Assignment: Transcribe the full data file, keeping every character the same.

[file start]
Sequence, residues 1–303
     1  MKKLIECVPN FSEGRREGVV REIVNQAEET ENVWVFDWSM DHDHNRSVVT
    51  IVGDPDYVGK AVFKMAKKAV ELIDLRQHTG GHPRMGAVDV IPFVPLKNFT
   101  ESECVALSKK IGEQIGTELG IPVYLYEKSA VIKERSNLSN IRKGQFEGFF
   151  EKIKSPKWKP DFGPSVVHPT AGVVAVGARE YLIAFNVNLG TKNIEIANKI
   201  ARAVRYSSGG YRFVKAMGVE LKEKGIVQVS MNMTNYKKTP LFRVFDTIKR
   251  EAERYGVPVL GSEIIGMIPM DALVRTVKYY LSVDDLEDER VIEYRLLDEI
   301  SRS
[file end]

Sequence, residues 1–303
     1  MKKLIECVPN FSEGRREGVV REIVNQAEET ENVWVFDWSM DHDHNRSVVT
    51  IVGDPDYVGK AVFKMAKKAV ELIDLRQHTG GHPRMGAVDV IPFVPLKNFT
   101  ESECVALSKK IGEQIGTELG IPVYLYEKSA VIKERSNLSN IRKGQFEGFF
   151  EKIKSPKWKP DFGPSVVHPT AGVVAVGARE YLIAFNVNLG TKNIEIANKI
   201  ARAVRYSSGG YRFVKAMGVE LKEKGIVQVS MNMTNYKKTP LFRVFDTIKR
   251  EAERYGVPVL GSEIIGMIPM DALVRTVKYY LSVDDLEDER VIEYRLLDEI
   301  SRS